Black Sherif performing at a concert in Accra

As the world grapples with the urgent need to transition to renewable energy sources, Africa stands at the forefront of this monumental shift.

While the benefits of renewable energy in combating climate change and ensuring sustainable development are widely acknowledged, there is another sector poised to reap the rewards of this transition: the entertainment industry.

In recent years, Africa's entertainment industry has experienced exponential growth, fueled by a burgeoning population, increased urbanization, and a growing middle class.

However, this growth has been accompanied by significant challenges, particularly in the realm of energy access and reliability.

Many entertainment venues, from theaters to music festivals, rely heavily on fossil fuels for electricity generation, leading to high operating costs, environmental degradation, and unreliable power supply.

Across the continent, innovative solutions are emerging to power Africa's entertainment industry sustainably. Solar energy, in particular, holds immense promise.

With abundant sunlight throughout the year, solar photovoltaic (PV) systems offer a reliable and cost-effective means of generating electricity for entertainment venues, even in remote areas with limited grid access.

Let’s take a look at the plans for an August 24 festival by UK-based music collective Massive Attack scheduled for Bristol – which will be powered entirely by renewables: solar energy and battery power.

The Act 1.5 festival is part of Massive Attack’s partnership with Tyndall Centre for Climate Change Research seeking to make live music more sustainable by lowering emissions related to these events.

The festival organizers plan to vet vendors, giving priority to those that don’t serve meat and source produce locally for the event. Afterward, they aim to establish a climate-resilient woodland plantation.

Massive Attack hopes this sets a precedent for eco-friendly live music events, with a focus on reducing primary emissions and fan travel. Act 1.5 tickets will prioritize local residents to minimize travel emissions.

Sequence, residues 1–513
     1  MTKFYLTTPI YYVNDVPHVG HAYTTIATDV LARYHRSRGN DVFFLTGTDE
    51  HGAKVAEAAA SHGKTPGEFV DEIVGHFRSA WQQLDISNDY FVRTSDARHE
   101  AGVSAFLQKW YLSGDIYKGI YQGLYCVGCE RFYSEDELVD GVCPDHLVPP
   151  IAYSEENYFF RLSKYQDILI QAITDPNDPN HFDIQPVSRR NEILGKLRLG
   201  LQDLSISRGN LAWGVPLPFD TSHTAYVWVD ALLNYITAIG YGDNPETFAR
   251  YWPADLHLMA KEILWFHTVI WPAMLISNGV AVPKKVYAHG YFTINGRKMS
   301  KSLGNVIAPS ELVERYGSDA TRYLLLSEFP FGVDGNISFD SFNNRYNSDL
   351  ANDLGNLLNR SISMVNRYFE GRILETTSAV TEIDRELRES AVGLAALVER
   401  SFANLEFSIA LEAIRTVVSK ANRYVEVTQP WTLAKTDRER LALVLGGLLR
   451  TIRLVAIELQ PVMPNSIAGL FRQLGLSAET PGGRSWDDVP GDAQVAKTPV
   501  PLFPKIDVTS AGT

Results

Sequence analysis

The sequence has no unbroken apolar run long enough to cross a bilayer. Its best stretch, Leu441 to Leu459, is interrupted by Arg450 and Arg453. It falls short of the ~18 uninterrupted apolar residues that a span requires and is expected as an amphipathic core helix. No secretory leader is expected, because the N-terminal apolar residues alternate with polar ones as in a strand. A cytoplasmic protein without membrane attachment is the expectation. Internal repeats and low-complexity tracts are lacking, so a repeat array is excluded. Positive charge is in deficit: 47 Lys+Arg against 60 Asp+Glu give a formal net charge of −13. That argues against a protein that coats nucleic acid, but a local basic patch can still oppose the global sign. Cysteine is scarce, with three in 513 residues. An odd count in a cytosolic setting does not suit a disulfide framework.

Filmmaker Mark Donne noted that a significant portion of event emissions comes from fan travel, and this event aims to address that by incentivizing train travel and providing electric buses and bike parking.

Another organizer, Global Citizen holds one of the biggest musical concerts across the world which lines up some of the world’s most sought-after singers on one big stage.

But the offerings go beyond music – it is an avenue to assemble thousands of people to take action toward making the world a better place.

This comprises eliminating extreme poverty, ensuring equity, and saving the planet with nearly 4 million people taking action with 1.29 billion lives being impacted.

Regarding the planet, the Global Goal 7 focuses on finding a balance between ensuring universal access to energy and limiting energy’s contribution to an unhealthy environment and climate change.

Specifically, the goal seeks to improve access to energy, and increase energy efficiency.

In Ghana, musician Worlasi held an event dubbed ‘Giving Shade’ in April 2022. Proceeds from this event saw the artist teaming up with stakeholders to plant more trees in parts of Accra.

This has a ripple effect on the improvement of smart forest management, which can become an eco-friendly fuel and renewable energy source.

This not only aligns with growing consumer demand for socially and environmentally responsible entertainment but also serves as a powerful platform for raising awareness about renewable energy and climate change.

However, significant challenges remain. Despite the rapid advances in renewable energy technology, widespread adoption in the entertainment industry requires overcoming barriers such as upfront costs, lack of financing mechanisms, and inadequate infrastructure.

Additionally, policymakers and industry stakeholders must work collaboratively to create an enabling environment for renewable energy investment and innovation.

The parallels between renewable energy and the entertainment industry in Africa are striking.

Both sectors represent untapped potential for driving economic growth, promoting sustainability, and fostering cultural expression.

By embracing renewable energy solutions, Africa's entertainment industry can not only reduce its carbon footprint but also catalyze a new era of creativity, resilience, and inclusivity.

The author, Kenneth Awotwe Darko is a journalist, music enthusiast and social media analyst.

Follow him on Twitter via @TheKennethDarko and on Facebook, Kenneth Awotwe Darko.


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DISCLAIMER: The Views, Comments, Opinions, Contributions and Statements made by Readers and Contributors on this platform do not necessarily represent the views or policy of Multimedia Group Limited.